All together now:
How often at night when the heavens are bright,
With the light from the glittering stars,
Have I stood there amazed and asked as I gazed,
If their glory exceeds that of ours.
That's a seldom-sung stanza of our State Song, penned, as you surely know, by Brewster Higley in Smith Center, KS. Brewster seems rather proud of "our" glory, but, despite the puffery and the passage of a century and a half, words from Home on the Range still crop up all over the place. For example:
I just read Nick Offerman's Where the Deer and the Antelope Play. I rather enjoyed it. Of course, the fact that it features Wendell Berry and Aldo Leopold and James Rebanks doesn't hurt, nor do the author's common-sense political leanings and sense of humor. Any book that makes me laugh out loud, or even snicker, gets a thumbs-up. I think the last one was a Calvin and Hobbes collection.
You probably know that Nick is an actor, a woodworker, a mid-westerner, is married to Megan Mullally, and likes "the outdoors." You might also know he's big on nuance, and therefore likes to use quotation marks like I just did. Perhaps you also know his hero is writer/farmer/soothsayer Wendell Berry, so much so that he helped fund a fine Berry documentary called "Look and See."
Where the Deer and the Antelope Play starts with the author visiting his "wizard-poet" hero and his wife Tanya at their Kentucky farm, where, over pie with fresh whipped cream, Wendell lays out the quest that becomes Nick's book. "Look," he says. "Examine the conservation of nature not through the lens of John Muir, which is how everybody looks at it, but instead through the lens of Aldo Leopold." To understand what that means could take years of study. You'd love it, and grow in untold ways. Or you could pick up Where the Deer and the Antelope Play for a quick and easy introduction. With more laughs. And swearing.
Rising to wizard Wendell's challenge of contrasting Muir and Leopold (though the reader may forget that's what's happening), Mr. Offerman ranges far and wide, to England and then to Oklahoma and beyond, the latter part with his bride in their new Airstream named Nutmeg.
But first he launches into the wilds of Glacier National Park, sans bride but accompanied by his bromantic brothers George Saunders and Jeff Tweedy(!), pulling the reader in with hi-culture hi-jinx on the trails, rivers, and glaciers. Glittering stars indeed. While there, he finds many opportunities to hold forth on capitalism (gearing up at REI); philosophy (he was tromping around with George Saunders, after all); Manifest Destiny and Native homelands "becoming" National Parks; John Muir and Teddy Roosevelt; -- all while hiking, hunting, fishing, and floating the Flathead River. I won’t give too much away here, but -- Laurie Anderson lyrics are quoted. Bonus points for Nick.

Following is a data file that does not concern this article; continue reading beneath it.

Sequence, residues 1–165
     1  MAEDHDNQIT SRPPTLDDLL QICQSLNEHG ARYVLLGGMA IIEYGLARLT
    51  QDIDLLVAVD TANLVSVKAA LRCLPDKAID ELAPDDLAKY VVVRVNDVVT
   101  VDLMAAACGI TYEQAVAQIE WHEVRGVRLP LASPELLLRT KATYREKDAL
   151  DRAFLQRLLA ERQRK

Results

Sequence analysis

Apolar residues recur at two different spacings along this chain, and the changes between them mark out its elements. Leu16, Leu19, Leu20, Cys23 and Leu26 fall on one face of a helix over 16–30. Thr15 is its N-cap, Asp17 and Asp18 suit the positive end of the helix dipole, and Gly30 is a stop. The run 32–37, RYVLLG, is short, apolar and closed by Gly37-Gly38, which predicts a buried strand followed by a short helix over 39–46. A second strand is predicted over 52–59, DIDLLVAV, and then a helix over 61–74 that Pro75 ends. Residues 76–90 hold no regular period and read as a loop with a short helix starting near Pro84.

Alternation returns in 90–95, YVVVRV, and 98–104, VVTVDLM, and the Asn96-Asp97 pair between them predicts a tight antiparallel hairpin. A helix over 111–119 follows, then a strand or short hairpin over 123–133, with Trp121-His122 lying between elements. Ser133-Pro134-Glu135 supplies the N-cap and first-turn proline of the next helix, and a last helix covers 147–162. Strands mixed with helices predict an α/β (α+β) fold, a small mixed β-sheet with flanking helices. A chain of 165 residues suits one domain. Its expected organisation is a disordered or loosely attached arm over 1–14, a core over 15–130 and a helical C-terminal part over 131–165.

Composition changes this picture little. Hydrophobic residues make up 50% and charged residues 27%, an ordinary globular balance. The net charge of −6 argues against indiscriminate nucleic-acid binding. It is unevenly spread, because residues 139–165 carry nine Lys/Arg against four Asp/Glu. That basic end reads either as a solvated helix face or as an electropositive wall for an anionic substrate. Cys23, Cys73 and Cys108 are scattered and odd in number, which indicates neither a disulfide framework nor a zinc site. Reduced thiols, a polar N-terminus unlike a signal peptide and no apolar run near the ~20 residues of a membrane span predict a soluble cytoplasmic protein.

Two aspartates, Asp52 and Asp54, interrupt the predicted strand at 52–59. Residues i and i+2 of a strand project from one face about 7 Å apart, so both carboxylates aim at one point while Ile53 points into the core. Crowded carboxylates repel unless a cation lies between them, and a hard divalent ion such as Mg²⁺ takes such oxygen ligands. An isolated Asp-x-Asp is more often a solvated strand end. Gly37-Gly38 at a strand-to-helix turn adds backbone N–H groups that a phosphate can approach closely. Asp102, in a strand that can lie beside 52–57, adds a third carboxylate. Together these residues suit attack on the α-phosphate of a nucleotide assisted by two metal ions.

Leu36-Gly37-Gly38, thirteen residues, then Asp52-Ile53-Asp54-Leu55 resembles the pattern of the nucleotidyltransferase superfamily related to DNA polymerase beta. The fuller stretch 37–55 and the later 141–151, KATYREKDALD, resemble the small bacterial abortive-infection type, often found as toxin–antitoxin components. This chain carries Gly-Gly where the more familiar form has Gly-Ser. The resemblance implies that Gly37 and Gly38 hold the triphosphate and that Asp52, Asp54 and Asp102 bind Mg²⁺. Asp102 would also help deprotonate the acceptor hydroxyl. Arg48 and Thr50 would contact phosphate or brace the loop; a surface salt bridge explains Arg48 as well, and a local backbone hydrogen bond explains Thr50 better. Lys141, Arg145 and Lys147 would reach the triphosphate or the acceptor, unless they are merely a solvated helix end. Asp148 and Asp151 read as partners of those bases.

Moving from America's "wilderness" to 21st century England's agrarian Lake District, Offerman next visits "Britain's rock-star shepherd" James Rebanks and family (and sheep and cows). Muir, meet Leopold. Not too surprisingly, this is a charming section of the book, Nick and James watching the sheep and "belties" (belted Galloway cattle) "scattered hither and yon in their hillside pastures, rotationally grazing in the most ideal method for producing beef and healthy pastures simultaneously," while talking of agriculture (the gents, not the critters) before heading home to a wholesome supper.
You know all the while that he's setting us up for the inevitable contrast of Leopold's agrarian vision with the modern industrial "agriculture" model. Which we all need to hear, whether for the first time or the fiftieth. Somehow, he and James make it enjoyable even while forcing the reader to reconsider his or her own dietary and lifestyle choices and their impacts on the land. It seems so obvious, and almost easy, but... it's not. Because, Nick reminds us, money.
Speaking of money, why not take advantage of the pandemic time-warp and buy a new Airstream trailer to tow around the Southwest behind your big ol' pick-up truck? Not quite "Nomadland," Nick and Megan's excellent adventure is, I'm afraid, the weakest part of Where the Deer and the Antelope Play. Very little reflecting on Muir and/or Leopold. Not at all sustainable. And as much as I too like road trips, they don’t fit well with Wendell or Aldo or John. Unless you’re on foot. Nuance, Nick would say, and with a word be done with it.
So while you ponder road trips to the "wilderness," or next spring's bountiful harvest, grab a copy of Nick Offerman's latest. Where seldom is heard a discouraging word.
-Jake Vail is an Information Services Assistant at Lawrence Public Library.